In the middle of the #MeToo era, haven’t we learned anything about the new-found voice of women in society who are finally standing up against all manner of outrage imposed upon them by the male of the species?
An answer could come in November, as record numbers of women have offered themselves up for public service by seeking the votes of Americans across the country. Whether their voices are loud enough to overcome the oppression they feel remains to be seen.
A more immediate answer, though, could come this week in Washington as the Republican-controlled Senate Judiciary Committee grapples with the credible claims by Professor Ford that she was assaulted by Judge Kavanaugh when he was 17 and she was just a 15-year-old girl. Professor Ford has carried that secret for most of her adult life and lived with whatever constraints on her happiness that the shameful attack has caused.
Are we going to further that harm by ignoring her story or refusing to hear her voice, or are we going to act like Americans should act and seek the truth. So far, it seems like the GOP senators want to do anything but deal with the truth because, if it happened as Professor Ford claims, that would make Kavanaugh a judicial pariah, which means the Senate would have to turn down the president’s Supreme Court choice, much to the dismay of a virulent minority of Americans and, apparently, a majority of the voters in the new Republican Party.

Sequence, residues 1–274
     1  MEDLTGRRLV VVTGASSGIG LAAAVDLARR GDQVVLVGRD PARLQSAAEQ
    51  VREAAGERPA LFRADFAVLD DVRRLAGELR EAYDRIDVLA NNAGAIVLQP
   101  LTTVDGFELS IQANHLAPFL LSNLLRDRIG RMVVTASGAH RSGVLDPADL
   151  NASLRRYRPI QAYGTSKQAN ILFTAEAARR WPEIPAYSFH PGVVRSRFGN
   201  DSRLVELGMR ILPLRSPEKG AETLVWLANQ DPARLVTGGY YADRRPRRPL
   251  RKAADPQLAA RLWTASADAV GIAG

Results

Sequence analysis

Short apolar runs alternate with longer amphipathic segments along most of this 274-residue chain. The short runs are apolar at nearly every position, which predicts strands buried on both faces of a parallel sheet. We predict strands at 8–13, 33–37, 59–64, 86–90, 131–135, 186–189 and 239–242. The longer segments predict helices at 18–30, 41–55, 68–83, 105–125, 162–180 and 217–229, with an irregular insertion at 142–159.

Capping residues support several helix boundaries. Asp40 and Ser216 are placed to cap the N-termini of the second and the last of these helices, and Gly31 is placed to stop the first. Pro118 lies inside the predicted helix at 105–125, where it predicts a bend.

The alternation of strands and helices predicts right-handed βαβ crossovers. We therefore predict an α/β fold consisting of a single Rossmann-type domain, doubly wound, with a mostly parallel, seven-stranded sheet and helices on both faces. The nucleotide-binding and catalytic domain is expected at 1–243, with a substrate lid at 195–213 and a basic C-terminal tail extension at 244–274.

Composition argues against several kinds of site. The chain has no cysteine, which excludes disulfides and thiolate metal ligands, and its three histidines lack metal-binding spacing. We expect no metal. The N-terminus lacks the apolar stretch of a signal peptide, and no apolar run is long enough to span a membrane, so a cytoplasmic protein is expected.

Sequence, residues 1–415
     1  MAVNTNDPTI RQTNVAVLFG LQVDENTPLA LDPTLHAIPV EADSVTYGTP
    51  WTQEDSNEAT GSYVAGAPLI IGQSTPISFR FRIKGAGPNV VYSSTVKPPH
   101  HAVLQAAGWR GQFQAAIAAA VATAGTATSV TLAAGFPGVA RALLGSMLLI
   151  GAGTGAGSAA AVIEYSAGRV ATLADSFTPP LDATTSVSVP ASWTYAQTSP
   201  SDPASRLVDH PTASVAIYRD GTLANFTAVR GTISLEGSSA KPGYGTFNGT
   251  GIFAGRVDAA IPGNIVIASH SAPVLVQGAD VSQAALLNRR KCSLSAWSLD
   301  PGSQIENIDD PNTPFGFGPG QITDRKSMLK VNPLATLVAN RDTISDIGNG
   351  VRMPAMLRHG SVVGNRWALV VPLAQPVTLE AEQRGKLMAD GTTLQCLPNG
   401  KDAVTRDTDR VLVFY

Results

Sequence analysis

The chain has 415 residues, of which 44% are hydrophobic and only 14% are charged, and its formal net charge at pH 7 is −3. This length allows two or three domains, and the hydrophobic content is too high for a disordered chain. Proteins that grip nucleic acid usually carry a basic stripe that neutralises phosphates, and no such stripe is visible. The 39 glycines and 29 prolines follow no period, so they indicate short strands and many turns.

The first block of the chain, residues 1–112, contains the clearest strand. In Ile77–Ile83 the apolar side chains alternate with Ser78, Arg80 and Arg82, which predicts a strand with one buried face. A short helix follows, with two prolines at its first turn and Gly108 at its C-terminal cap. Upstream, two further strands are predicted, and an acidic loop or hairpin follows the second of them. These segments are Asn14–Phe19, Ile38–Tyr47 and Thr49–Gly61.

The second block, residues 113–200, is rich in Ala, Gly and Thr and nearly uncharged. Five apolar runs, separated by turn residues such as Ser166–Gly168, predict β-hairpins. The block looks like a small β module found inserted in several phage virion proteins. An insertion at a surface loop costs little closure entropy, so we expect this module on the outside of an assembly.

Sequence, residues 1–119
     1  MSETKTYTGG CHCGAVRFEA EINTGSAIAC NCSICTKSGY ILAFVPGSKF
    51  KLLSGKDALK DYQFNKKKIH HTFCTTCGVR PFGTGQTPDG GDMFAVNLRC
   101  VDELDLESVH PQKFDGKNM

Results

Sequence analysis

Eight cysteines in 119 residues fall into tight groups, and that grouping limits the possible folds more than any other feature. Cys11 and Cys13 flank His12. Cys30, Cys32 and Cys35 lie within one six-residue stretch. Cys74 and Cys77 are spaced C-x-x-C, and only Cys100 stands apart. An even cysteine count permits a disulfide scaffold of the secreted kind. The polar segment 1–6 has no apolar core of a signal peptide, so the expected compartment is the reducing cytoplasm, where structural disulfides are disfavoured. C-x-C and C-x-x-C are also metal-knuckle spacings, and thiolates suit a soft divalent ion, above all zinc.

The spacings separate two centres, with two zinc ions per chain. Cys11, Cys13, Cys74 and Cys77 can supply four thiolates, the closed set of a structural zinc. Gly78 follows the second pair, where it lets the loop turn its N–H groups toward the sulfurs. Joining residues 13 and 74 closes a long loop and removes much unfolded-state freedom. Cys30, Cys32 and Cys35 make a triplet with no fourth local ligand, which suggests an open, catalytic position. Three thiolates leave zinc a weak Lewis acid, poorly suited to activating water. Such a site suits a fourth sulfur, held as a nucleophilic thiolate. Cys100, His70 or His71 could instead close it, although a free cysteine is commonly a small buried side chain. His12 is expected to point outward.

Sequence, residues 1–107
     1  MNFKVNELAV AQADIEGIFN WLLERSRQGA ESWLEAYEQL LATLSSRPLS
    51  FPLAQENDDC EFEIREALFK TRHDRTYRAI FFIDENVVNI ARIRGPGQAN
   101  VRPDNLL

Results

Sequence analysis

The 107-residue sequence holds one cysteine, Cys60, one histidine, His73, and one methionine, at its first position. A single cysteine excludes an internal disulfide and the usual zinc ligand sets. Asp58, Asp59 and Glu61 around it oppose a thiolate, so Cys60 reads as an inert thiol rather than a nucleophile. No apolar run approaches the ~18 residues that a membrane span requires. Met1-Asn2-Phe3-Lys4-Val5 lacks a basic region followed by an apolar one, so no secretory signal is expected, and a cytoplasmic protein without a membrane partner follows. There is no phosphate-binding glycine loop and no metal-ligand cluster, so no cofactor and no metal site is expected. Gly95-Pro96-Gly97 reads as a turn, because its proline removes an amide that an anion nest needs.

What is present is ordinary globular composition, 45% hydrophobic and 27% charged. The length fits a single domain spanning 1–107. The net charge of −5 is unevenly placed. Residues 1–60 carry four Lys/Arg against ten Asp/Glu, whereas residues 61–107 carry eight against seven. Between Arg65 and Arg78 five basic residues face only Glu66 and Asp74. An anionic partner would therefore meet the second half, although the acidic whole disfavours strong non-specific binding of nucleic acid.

Like almost every American, I don’t know what happened many years ago between Professor Ford and Judge Kavanaugh — or, at least, their former and younger selves — but I do know that the charge is serious enough that a few extra days here or there to ferret out the best truth we can find is the very least we can do as a nation.
Professor Ford is so confident in her story that she is asking for the FBI to put her under oath and subject her claims to rigorous investigation. That’s not what liars do, that’s what people do when they’re telling the truth.
To date, neither Judge Kavanaugh nor the White House have been willing to undergo the same scrutiny. Why?
Professor Ford’s secret of her lifetime has been reluctantly made public. The shame, the guilt, the threats to herself and her family are real and a regrettable consequence of the attack so many years ago.
By the same token, if somehow Professor Ford has remembered the wrong man in Judge Kavanaugh, he deserves to be cleared in the public conscience, as does the Supreme Court, which would otherwise have to pack the stain of his shame for a generation.
Either way, the public deserves a clean and complete airing of these charges and not a railroad job that, as best I can tell, is still the order of the day.
We will soon see if the Republican senators in charge of the hearings retain any sense of decency of their own.
Brian Greenspun is editor, publisher and owner of the Sun.